It’s Monday, so it’s time for MEMORABLE MONDAY BOOK REVIEW, where I review one of my favorite books. Today’s book is “The Crimes of Paris” written by husband and wife writing team, Dorothy and Thomas Hoobler.
I love books allowing me to travel back in time. Add detective stories, art and Paris and I’m swooning. The Crimes of Paris is about the crimes that took place in Paris from the late 1800’s to the beginning of World War I. An intriguing tale of the darker side of a city, hums with a cast of characters, from artists, anarchists and aristocrats to street thieves and the foremost crime detection pioneers. The theft of the Mona Lisa from the Louvre in 1911 initially draws you in, but the remaining part of the book deals with several murders, detectives and street gangs. Along with the several French revolutions during the 19th century, came changes to its urban landscape. Changes in technology and scientific thinking enabled the police to solve crimes that had previous remained unsolved.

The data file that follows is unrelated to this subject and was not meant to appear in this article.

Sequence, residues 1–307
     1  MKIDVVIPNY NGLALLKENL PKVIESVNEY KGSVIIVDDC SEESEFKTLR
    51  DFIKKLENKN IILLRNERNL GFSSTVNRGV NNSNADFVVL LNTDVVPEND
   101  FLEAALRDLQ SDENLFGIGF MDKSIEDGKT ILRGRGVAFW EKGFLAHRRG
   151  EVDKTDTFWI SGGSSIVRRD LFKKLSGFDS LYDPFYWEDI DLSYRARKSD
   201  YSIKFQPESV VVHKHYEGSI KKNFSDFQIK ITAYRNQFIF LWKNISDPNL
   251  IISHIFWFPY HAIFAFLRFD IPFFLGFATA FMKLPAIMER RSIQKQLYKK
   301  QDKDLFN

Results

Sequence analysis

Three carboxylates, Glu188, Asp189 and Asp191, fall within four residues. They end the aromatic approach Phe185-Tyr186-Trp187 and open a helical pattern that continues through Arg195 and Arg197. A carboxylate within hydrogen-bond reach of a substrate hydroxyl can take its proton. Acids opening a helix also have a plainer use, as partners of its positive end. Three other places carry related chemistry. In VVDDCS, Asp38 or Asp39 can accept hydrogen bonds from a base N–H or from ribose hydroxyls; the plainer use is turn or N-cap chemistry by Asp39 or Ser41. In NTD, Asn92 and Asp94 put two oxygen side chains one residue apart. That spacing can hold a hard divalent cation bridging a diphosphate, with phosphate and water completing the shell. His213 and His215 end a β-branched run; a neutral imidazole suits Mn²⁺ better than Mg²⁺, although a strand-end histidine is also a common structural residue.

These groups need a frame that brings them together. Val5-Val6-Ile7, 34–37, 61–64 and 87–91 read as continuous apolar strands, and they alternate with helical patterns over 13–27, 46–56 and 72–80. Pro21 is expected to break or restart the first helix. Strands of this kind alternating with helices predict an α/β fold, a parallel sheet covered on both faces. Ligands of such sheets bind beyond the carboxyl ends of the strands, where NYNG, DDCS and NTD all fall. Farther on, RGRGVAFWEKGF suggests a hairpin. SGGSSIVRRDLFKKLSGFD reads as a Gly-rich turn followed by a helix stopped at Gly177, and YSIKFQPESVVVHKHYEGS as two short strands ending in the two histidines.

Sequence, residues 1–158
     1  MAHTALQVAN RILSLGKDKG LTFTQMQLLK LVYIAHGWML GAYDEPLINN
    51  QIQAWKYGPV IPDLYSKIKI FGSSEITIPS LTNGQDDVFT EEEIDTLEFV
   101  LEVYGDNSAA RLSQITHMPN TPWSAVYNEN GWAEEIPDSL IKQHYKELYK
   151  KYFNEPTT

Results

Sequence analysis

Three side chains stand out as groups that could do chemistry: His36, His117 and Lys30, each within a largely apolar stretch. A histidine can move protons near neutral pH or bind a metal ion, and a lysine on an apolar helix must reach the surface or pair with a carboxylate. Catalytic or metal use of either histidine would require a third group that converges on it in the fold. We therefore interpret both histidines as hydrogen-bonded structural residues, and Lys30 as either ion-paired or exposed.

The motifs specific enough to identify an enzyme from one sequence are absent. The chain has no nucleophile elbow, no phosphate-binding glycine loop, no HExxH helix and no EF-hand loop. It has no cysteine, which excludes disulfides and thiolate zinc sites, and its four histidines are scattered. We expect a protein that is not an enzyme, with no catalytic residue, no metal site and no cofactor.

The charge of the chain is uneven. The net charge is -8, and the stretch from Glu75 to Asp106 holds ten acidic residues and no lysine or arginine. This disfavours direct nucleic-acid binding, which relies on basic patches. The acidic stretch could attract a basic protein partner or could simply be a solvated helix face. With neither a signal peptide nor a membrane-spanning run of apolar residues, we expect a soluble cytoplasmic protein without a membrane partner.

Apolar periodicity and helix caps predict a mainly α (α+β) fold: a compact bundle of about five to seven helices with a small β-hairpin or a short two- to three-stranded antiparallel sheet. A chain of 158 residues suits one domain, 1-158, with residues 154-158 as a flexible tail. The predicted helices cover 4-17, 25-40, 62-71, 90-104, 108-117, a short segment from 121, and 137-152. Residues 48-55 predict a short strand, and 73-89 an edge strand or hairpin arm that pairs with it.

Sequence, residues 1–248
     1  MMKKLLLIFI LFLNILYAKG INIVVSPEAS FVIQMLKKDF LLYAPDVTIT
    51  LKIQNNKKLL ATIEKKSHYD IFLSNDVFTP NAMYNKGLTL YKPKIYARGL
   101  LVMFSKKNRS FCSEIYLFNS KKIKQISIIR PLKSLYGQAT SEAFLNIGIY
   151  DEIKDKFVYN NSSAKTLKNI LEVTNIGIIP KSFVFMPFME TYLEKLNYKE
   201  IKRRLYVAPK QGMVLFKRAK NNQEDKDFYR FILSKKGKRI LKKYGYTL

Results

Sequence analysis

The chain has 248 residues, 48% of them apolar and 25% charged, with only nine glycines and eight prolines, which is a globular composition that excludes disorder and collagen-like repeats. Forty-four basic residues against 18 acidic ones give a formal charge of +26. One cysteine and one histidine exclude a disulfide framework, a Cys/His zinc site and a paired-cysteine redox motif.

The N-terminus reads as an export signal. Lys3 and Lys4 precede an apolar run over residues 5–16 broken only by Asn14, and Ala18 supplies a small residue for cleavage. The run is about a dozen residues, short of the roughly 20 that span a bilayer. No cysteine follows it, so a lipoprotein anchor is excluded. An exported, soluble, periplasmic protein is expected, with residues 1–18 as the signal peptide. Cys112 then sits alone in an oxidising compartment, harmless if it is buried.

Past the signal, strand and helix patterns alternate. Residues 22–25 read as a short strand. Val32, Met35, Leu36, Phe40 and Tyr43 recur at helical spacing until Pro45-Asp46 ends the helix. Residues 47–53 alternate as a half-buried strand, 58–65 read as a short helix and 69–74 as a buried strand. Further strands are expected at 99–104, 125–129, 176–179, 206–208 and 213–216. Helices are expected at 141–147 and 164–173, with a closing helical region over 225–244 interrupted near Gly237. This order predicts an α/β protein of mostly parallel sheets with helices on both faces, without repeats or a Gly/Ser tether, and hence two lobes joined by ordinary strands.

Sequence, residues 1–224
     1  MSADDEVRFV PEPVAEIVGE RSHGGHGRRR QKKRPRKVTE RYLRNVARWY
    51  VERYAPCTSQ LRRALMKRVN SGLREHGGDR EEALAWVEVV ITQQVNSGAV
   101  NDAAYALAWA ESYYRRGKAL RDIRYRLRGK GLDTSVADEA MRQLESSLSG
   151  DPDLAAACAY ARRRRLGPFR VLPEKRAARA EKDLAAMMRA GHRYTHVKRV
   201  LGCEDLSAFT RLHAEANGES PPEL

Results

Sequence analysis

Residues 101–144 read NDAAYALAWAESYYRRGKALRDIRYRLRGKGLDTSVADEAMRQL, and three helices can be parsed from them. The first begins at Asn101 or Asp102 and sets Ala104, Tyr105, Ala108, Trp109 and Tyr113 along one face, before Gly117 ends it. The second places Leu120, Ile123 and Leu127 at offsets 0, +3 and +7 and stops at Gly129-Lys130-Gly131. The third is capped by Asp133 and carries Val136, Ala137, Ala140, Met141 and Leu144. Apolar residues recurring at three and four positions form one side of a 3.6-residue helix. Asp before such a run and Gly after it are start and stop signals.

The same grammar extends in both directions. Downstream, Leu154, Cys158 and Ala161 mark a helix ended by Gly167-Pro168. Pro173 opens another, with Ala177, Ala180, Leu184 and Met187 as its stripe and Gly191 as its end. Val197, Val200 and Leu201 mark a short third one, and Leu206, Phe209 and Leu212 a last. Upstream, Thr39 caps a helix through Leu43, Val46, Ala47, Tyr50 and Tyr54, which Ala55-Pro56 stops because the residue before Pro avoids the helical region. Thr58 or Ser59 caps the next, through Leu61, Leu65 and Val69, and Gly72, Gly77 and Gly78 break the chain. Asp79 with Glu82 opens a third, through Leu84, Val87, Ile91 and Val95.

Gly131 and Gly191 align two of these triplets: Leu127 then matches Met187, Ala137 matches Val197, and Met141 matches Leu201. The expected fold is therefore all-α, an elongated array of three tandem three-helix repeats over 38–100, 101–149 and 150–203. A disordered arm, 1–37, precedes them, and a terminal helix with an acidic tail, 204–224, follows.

The book’s strength lies in its descriptions of other famous and not so famous crimes. We’re introduced to a host of historical figures: Vidocq, France’s first real detective; Bertillon, who developed the science of anthropometry; Picasso, who was accused of stealing the Mona Lisa, (although he wasn’t anywhere near the scene of the crime); the Bonnot gang, anarchists who were the first to escape the scenes of their crimes via car and more.
A minor negative of the book is the vaguely linked connections between the Mona Lisa theft and the other described crimes.
The book is so mesmerizing that I read it in three evenings. I couldn’t sleep until I finished it. Hopefully, it will have the same effect on you.
Fun Fact: In 2001, Tom Hoobler (who co-authored the book with his wife) appeared on the TV show, Who Wants to Be a Millionaire, and with help from his wife (who was his phone-a-friend) he won $500,000. The Hooblers used part of the money to spend a month traveling in Italy and decided to use the rest to try to write a book for adults.